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Use the Data Literacy Cubes to guide students’ exploration of data to enrich their observations and inferences. This is a flexible resource that may be used with a variety of graphical representations of data. This activity requires a graph for students to evaluate. For the purposes
In this lesson, Observing Earth’s Seasonal Changes, students observe patterns of average snow and ice amounts as they change from one month to another, as well as connect the concepts of the tilt and orbit of the Earth (causing the changing of seasons) with monthly snow/ice data from January 2008
Use your Cloud Teller to practice vocabulary, learn different cloud types, and help with NASA GLOBE cloud observations.
In this activity, we will introduce children to the colors of the sky. Children love to look at clouds. Here we will focus in on the sky in which clouds float. Children will learn why the sky has such a wide range of colors.
NASA visualizers take data – numbers, codes – and turn them into animations people can see and quickly understand. You can become a data visualizer by creating your own flipbook animations using maps of science variables that NASA scientists commonly study to better understand the Earth System.
Students analyze map visualizations representing the amount of Sun’s energy received on the Earth as indicated by the amount that is reflected back to space, known as “albedo”.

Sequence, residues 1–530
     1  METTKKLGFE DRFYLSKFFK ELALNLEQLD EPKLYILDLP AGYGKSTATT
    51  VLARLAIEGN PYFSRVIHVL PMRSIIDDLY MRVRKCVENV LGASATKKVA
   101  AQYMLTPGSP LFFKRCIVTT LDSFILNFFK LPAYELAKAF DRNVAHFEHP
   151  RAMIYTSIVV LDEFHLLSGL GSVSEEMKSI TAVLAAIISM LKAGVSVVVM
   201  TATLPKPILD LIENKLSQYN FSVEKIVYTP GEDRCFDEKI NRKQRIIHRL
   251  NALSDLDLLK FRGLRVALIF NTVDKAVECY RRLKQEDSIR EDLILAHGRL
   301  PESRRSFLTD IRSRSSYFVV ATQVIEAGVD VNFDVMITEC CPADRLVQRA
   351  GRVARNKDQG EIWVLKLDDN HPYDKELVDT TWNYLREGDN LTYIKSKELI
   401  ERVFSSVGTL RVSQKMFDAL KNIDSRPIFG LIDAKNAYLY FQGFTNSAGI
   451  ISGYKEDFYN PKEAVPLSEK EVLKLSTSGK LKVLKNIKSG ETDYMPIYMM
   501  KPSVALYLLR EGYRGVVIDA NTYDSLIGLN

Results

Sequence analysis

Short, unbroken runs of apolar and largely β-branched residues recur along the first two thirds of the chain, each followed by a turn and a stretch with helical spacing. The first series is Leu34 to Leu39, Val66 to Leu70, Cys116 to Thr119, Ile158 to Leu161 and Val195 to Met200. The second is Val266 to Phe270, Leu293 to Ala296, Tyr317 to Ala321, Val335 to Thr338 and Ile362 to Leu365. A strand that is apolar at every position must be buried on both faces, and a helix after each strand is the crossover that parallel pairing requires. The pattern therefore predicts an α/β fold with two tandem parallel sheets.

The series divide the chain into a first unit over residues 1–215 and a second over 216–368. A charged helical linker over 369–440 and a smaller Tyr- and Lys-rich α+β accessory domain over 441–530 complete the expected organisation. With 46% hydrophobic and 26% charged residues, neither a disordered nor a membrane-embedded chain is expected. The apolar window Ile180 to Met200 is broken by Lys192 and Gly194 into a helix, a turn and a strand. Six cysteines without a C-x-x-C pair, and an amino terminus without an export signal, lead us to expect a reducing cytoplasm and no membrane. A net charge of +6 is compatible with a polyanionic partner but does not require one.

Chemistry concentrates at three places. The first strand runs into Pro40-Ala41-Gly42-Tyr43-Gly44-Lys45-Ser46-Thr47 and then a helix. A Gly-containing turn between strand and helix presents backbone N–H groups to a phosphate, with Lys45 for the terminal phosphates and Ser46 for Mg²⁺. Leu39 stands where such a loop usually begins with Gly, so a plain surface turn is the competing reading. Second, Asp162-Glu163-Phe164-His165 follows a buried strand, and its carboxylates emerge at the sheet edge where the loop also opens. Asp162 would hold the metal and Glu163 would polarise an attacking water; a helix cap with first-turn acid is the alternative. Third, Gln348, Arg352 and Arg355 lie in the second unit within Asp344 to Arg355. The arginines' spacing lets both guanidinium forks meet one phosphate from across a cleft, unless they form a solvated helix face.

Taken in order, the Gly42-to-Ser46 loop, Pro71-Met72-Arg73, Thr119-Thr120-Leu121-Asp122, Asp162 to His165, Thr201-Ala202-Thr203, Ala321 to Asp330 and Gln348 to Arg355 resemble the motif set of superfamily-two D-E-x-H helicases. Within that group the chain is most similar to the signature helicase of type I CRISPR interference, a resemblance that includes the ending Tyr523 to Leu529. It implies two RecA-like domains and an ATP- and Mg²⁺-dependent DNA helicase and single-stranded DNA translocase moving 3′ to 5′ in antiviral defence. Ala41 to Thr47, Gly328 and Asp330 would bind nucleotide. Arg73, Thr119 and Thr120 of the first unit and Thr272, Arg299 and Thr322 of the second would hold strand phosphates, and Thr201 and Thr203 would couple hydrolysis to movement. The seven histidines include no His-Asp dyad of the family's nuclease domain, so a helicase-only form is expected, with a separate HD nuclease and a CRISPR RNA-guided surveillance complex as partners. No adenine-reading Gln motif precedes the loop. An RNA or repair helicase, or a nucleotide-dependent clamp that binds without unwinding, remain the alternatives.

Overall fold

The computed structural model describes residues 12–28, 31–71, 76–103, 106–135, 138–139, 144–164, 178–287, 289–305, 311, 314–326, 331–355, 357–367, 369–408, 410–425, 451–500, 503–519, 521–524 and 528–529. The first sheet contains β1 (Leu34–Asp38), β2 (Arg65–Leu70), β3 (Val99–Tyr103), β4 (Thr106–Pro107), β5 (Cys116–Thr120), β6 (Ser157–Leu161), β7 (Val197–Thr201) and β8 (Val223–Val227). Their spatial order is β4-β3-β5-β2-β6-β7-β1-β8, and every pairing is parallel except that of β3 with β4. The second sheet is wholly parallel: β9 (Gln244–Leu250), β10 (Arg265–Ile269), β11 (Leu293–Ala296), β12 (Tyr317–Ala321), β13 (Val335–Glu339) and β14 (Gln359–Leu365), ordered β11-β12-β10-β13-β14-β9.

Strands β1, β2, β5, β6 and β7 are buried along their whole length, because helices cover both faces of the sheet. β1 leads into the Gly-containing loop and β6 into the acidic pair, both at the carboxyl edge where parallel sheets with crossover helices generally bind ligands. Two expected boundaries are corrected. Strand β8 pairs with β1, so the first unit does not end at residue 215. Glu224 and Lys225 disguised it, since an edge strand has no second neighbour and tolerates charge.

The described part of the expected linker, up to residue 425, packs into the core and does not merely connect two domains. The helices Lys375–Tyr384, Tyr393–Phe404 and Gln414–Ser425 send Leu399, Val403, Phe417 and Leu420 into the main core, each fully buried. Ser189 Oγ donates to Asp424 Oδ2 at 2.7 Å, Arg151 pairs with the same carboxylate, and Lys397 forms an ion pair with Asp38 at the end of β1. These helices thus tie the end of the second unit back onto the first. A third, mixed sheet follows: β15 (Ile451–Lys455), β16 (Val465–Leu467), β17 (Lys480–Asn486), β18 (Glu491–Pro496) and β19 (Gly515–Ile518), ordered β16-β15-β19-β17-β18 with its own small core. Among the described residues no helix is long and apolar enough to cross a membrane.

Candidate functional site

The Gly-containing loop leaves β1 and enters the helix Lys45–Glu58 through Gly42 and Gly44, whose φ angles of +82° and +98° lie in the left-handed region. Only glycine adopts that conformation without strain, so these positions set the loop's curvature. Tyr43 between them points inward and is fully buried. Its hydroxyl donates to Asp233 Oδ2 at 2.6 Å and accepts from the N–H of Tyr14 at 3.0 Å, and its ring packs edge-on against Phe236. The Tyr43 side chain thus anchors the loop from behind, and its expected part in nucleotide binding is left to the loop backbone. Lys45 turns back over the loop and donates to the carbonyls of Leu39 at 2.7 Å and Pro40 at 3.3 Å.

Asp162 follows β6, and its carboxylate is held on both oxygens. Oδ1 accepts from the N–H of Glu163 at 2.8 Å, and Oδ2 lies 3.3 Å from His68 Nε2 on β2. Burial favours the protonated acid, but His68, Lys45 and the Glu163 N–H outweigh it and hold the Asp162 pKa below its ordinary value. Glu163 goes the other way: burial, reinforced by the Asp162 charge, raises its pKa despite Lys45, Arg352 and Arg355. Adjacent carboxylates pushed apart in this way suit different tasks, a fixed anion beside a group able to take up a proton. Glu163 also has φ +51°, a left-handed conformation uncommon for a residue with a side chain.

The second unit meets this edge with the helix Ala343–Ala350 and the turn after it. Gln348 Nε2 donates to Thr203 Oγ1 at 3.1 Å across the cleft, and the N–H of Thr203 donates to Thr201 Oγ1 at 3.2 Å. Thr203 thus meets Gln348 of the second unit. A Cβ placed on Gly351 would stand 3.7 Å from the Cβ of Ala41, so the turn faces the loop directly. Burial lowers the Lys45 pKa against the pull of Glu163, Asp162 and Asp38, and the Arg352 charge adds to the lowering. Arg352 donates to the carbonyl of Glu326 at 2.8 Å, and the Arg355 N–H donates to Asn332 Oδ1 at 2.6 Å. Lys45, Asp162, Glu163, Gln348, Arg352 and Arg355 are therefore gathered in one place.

Check out this hands-on demonstration of the El Niño Effect, trade winds, and upwelling provided by NASA's Jet Propulsion Lab
Credit: JPL's Sea Level Program
Because it recognizes the importance of U.S. coastal areas to the nation's economy, the U.S. National Ocean Service has formed a task force that is studying the trends and impacts of hurricanes on coastal regions. They have invited your students to participate.
Students will analyze and interpret graphs to compare the flow of (shortwave) energy from the Sun toward China over the course of a year on cloudy versus clear days. Students will draw a conclusion and support it with evidence.
Students will analyze and interpret maps of the average net atmospheric radiation to compare the flow of energy from the Sun toward Earth in different months and for cloudy versus clear days. Students will draw conclusions and support them with evidence.